# Mixing Least-Squares Estimators when the Variance is Unknown

###### Abstract.

We propose a procedure to handle the problem of Gaussian regression when the variance is unknown. We mix least-squares estimators from various models according to a procedure inspired by that of Leung and Barron [17]. We show that in some cases the resulting estimator is a simple shrinkage estimator. We then apply this procedure in various statistical settings such as linear regression or adaptive estimation in Besov spaces. Our results provide non-asymptotic risk bounds for the Euclidean risk of the estimator.

###### Key words and phrases:

Gibbs mixture - shrinkage estimator - oracle inequalities - adaptive estimation - linear regression###### 2000 Mathematics Subject Classification:

62G08## 1. Introduction

We consider the regression framework, where we have noisy observations

(1) |

of an unknown vector . We assume that the ’s are i.i.d standard Gaussian random variables and that the noise level is unknown. Our aim is to estimate .

In this direction, we introduce a finite collection of linear spaces of , which we call henceforth models. To each model , we associate the least-squares estimator of on , where denotes the orthogonal projector onto . The -risk of the estimator with respect to the Euclidean norm on is

(2) |

Two strategies have emerged to handle the problem of the choice of an estimator of in this setting. One strategy is to select a model with a data driven criterion and use to estimate . In the favorable cases, the risk of this estimator is of order the minimum over of the risks (2). Model selection procedures have received a lot of attention in the literature, starting from the pioneer work of Akaike [1] and Mallows [18]. It is beyond the scope of this paper to make an historical review of the topic. We simply mention in the Gaussian setting the papers of Birgé and Massart [7, 8] (influenced by Barron and Cover [5] and Barron, Birgé and Massart [4]) which give non-asymptotic risk bounds for a selection criterion generalizing Mallows’.

An alternative to model selection is mixing. One estimates by a convex (or linear) combination of the s

(3) |

with weights which are -measurable random variables. This strategy is not suitable when the goal is to select a single model , nevertheless it enjoys the nice property that may perform better than the best of the s. Various choices of weights have been proposed, from an information theoretic or Bayesian perspective. Risk bounds have been provided by Catoni [11], Yang [25, 28], Tsybakov [23] and Bunea et al. [9] for regression on a random design and by Barron [3], Catoni [10] and Yang [26] for density estimation. For the Gaussian regression framework we consider here, Leung and Barron [17] propose a mixing procedure for which they derive a precise non-asymptotic risk bound. When the collection of models is not too complex, this bound shows that the risk of their estimator is close to the minimum over of the risks (2). Another nice feature of their mixing procedure is that both the weights and the estimators are build on the same data set, which enable to handle cases where the law of the data set is not exchangeable. Unfortunately, their choice of weights depends on the variance , which is usually unknown.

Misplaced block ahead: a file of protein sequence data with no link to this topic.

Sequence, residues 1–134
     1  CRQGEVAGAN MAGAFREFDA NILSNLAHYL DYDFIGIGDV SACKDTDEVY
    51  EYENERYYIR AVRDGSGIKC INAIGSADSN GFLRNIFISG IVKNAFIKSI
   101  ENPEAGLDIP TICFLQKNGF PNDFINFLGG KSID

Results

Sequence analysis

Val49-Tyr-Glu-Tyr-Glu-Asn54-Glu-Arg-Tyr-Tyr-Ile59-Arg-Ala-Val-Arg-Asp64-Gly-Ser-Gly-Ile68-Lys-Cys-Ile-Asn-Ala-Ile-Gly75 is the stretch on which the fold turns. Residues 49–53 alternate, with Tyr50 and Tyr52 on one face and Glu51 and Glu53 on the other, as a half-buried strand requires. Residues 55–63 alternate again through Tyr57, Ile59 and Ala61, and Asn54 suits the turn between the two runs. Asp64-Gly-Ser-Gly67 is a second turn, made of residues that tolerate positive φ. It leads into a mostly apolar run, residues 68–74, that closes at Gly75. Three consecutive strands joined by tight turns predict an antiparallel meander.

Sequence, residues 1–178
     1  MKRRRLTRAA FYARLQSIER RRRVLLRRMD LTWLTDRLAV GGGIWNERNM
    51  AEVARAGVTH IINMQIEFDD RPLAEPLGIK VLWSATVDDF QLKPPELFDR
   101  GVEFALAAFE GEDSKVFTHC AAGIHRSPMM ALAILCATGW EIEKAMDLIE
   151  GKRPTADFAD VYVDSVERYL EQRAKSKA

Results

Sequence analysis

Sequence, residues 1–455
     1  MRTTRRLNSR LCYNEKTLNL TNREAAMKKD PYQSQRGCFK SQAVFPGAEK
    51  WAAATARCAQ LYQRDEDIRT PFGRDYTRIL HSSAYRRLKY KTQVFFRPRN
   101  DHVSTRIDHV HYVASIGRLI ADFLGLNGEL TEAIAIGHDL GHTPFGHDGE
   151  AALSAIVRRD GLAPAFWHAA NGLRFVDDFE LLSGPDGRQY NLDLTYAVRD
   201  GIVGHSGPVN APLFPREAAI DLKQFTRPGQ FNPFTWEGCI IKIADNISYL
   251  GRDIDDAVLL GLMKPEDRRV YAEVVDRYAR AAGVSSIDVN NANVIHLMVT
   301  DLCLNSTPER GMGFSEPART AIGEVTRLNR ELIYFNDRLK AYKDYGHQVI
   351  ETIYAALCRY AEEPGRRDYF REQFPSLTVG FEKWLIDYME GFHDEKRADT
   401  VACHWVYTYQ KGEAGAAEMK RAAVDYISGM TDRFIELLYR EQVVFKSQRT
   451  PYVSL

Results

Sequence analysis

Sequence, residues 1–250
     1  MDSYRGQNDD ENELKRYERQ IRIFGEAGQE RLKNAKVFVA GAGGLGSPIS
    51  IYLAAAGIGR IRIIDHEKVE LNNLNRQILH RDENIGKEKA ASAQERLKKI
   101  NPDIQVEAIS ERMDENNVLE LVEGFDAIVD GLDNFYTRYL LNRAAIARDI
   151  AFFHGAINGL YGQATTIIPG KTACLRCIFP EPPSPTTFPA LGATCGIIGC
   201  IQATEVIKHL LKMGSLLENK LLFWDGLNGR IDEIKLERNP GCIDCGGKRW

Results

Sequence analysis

In the present paper, we consider the more practical situation where the variance is unknown. Our mixing strategy is akin to that of Leung and Barron [17], but is not depending on the variance . In addition, we show that both our estimator and the estimator of Leung and Barron are simple shrinkage estimators in some cases. From a theoretical point of view, we relate our weights to a Gibbs measure on and derive a sharp risk bound for the estimator . Roughly, this bound says that the risk of is close to the minimum over of the risks (2) in the favorable cases. We then discuss the choice of the collection of models in various situations. Among others, we produce an estimation procedure which is adaptive over a large class of Besov balls.

Before presenting our mixing procedure, we briefly recall that of Leung and Barron [17]. Assuming that the variance is known, they use the weights

(4) |